Brazilian Tapir Fact File


Brazilian tapirs have a stocky body covered with a thick skin which is colored brown to dark red. The skin on the cheeks, throat and chest are a lighter shade of brown.

Their body is streamlined to help them when moving through the forest. On top of the head is a rise known as the saggital crest. On top of this is a short mane of fur which helps to defend against predators such as the jaguar. Their eyes sit back in the socket to protect against thorns and branches while moving through the forest. On either side of the head is a large, erect ear which gives them good hearing. These ears have a white edge.

One of the most noticeable features of a tapir is the snout which resembles a small elephant’s trunk. This is used to reach their food and can also be used as a snorkel when swimming.

Each foot ends with three toes. These spread their weight across the soft ground that they walk across.

At the end of the body is a stubby tail which measures 46-100cm (18-39in).

A Brazilian tapir will measure between 1.8 and 2.5m (5.9-8.2ft) long. Their weight varies between 225 and 250kg (500-550lbs). At the shoulder they stand between 77 and 108cm (30.3-42.5in).


The Brazilian tapir is a herbivore. Their diet includes leaves, tree bark, aquatic vegetables, reeds and fruit. They are important in the ecosystem as they help to distribute the seeds of the plants they eat.

Food is gathered using their flexible snout.

Brazilian tapirs will visit salt licks to gather minerals to supplement their diet.

They eat up to 34kg (75lbs) of food each day.


Scientific Name

Tapirus terrestris

Conservation Status





1.8-2.5m (5.9-8.2ft)




Captive 35 years



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South America is the native home of the Brazilian tapir. Here they can be found in Argentina, Bolivia, Brazil, Colombia, Ecuador, French Guiana, Guyana, Paraguay, Peru, Suriname and Venezuela.

They are considered extinct in small parts of their range.


The Brazilian tapir is also known as the lowland tapir and can be found in lowland areas. They make their home in moist swamp forests, shrublands, wetlands and grasslands.



Males will compete for breeding rights with the females by biting one another on their toes.

Following a 380 day gestation period a single calf is born though twins are possible on rare occasions. At birth the young weigh between 3.2 and 5.8kg (7-12.8lbs). Within two hours of their birth the calf is standing.

The skin of calves is patterned with white spots and stripes which are described by many as resembling a watermelon.

It is believed this pattern helps them to camouflage among vegetation. This color is lost by one year old.

Young are weaned after 6-8 months old and become independent by 18 months old. Males are not involved in the care of the infant.

Sexual maturity is reached between two and three years old. Females in captivity have breed as old as 28 years of age.


When disturbed they produce a vocalization which is a loud, piercing whistle. A clicking noise is used to communicate with other Brazilian tapirs. There is an increase in these during mating season. They will scent mark to show their territory.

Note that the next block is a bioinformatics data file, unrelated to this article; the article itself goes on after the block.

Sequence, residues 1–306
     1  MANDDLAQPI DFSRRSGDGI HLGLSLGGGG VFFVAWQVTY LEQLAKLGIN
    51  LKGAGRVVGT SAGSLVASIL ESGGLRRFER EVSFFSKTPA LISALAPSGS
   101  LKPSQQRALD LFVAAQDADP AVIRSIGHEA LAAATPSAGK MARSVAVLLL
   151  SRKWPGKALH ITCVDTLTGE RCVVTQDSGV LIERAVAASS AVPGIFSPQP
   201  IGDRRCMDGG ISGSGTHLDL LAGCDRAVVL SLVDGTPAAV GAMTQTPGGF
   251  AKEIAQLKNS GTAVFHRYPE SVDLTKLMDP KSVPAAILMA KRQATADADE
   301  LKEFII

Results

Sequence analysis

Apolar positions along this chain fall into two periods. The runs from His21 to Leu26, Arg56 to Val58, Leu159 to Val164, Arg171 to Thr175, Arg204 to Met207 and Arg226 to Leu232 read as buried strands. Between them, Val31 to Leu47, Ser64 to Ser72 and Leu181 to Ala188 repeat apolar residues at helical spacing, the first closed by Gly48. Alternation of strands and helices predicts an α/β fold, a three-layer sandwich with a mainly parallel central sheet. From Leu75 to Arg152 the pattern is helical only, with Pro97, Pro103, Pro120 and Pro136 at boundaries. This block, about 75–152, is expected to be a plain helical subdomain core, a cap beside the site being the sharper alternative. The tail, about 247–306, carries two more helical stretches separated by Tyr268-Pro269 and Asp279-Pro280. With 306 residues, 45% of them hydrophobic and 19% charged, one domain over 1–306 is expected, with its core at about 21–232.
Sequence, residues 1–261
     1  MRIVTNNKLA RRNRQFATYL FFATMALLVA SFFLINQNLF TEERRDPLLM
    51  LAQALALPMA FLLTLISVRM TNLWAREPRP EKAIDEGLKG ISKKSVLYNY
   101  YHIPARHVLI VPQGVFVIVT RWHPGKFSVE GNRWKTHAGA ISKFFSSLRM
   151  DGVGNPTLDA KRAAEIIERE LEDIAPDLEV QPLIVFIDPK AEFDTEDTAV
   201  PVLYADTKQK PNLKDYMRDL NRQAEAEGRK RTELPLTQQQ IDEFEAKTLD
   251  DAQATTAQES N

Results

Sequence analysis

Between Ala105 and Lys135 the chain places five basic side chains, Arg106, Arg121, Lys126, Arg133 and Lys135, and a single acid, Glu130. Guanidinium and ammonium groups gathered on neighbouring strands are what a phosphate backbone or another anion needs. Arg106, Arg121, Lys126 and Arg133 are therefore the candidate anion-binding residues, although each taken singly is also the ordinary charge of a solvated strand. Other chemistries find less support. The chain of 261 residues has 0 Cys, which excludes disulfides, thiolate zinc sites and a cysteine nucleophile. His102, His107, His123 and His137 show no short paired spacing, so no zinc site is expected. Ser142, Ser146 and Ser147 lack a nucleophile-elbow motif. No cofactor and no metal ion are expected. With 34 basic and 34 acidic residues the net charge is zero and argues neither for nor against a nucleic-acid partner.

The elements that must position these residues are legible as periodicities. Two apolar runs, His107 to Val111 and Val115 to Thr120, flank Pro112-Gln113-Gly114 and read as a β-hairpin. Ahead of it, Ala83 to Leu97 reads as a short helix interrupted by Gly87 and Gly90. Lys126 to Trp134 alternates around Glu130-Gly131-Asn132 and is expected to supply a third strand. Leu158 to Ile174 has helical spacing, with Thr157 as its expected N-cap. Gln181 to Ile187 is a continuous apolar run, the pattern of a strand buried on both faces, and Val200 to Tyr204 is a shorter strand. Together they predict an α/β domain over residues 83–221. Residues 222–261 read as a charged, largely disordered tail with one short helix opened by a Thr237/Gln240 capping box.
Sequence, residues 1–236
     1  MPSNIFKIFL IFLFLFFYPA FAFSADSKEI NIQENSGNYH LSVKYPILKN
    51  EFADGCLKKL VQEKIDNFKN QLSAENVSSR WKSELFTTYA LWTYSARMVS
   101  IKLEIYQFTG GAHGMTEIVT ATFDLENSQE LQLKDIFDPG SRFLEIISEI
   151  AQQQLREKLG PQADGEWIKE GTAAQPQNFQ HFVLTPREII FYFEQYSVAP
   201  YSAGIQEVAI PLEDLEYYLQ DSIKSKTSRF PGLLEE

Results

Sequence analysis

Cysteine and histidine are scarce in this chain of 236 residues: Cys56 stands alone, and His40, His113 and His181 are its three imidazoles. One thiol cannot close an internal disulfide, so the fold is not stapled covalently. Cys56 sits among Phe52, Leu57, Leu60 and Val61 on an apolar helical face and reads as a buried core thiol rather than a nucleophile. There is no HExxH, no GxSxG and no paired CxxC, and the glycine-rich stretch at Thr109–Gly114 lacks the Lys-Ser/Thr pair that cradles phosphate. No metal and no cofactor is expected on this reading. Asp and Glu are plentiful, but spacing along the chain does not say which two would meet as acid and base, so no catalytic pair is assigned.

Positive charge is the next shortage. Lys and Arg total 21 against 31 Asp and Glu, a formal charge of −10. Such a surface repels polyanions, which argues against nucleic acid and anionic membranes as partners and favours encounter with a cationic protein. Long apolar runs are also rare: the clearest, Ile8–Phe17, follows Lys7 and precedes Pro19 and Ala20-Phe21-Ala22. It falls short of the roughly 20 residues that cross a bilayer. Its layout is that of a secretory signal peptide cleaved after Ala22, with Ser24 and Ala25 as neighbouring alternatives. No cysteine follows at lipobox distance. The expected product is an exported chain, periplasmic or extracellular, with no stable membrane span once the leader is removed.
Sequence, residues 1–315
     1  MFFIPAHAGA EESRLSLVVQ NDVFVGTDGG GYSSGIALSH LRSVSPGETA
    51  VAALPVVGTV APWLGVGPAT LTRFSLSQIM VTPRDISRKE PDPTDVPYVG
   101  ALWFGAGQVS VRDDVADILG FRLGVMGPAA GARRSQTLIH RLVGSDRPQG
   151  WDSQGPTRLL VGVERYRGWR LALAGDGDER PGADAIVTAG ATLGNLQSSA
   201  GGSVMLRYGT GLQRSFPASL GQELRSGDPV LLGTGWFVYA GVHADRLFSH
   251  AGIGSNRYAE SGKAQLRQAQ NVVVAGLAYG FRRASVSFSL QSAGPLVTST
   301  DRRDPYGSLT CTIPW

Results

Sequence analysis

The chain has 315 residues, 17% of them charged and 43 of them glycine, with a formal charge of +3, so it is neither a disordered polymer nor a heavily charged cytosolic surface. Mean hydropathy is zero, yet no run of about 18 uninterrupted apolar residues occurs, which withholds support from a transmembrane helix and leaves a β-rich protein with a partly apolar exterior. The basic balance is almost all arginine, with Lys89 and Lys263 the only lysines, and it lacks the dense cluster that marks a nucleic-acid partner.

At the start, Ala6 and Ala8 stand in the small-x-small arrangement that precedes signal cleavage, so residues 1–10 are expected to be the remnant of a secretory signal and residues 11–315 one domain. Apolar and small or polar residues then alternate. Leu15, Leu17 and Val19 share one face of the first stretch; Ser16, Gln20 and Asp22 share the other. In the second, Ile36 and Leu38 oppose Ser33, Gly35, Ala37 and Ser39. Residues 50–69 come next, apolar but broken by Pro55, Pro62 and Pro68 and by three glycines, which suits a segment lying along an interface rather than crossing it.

They spend much of their time in the water. This provides some level of protection against predators. Wallowing in the water also helps to remove parasites. Their flexible snout is used as a snorkel under water to help them breathe.

Adult Brazilian tapirs are solitary and only come together to mate.

Brazilian tapirs come out at night to feed.


Predators and Threats

The main natural predator of the Brazilian tapir is the jaguar. They may also be eaten by crocodilians, pumas and anacondas.

Humans impact their population through deforestation, hunting and competition for food with domestic livestock. A major threat is the destruction and fragmentation of habitat.

Quick facts

A group of tapirs is known as a candle.

Tapirs are believed to have lived on Earth unchanged for 20 million years.

The closest relatives of the tapir are the horse and rhinoceros.

Their name ‘tapir’ comes from a Brazilian word which means ‘thick’ in reference to their thick skin.


Photo Credits

Copyright. The Animal Facts.


Burnie, D., 2011. Animal. 3rd ed. London: DK

Adelaide Zoo. 2020. Meet Our Beautiful Brazilian Tapirs At Adelaide Zoo. [online] Available at: <> [Accessed 4 October 2020]. 2020. Tapirs | National Geographic. [online] Available at: <> [Accessed 4 October 2020].

Luxenberg, S. 2014. "Tapirus terrestris" (On-line), Animal Diversity Web. Accessed October 03, 2020 at 2020. Brazilian Tapir. [online] Available at: <> [Accessed 4 October 2020]. 2020. Brazilian Tapir - Fota Wildlife Park. [online] Available at: <> [Accessed 4 October 2020].

World Tapir Day. 2020. Brazilian Tapir. [online] Available at: <> [Accessed 4 October 2020].

Varela, D., Flesher, K., Cartes, J.L., de Bustos, S., Chalukian, S., Ayala, G. & Richard-Hansen, C. 2019. Tapirus terrestris. The IUCN Red List of Threatened Species 2019: e.T21474A45174127. Downloaded on 04 October 2020. 2020. Tapir | San Diego Zoo Animals & Plants. [online] Available at: <> [Accessed 4 October 2020].

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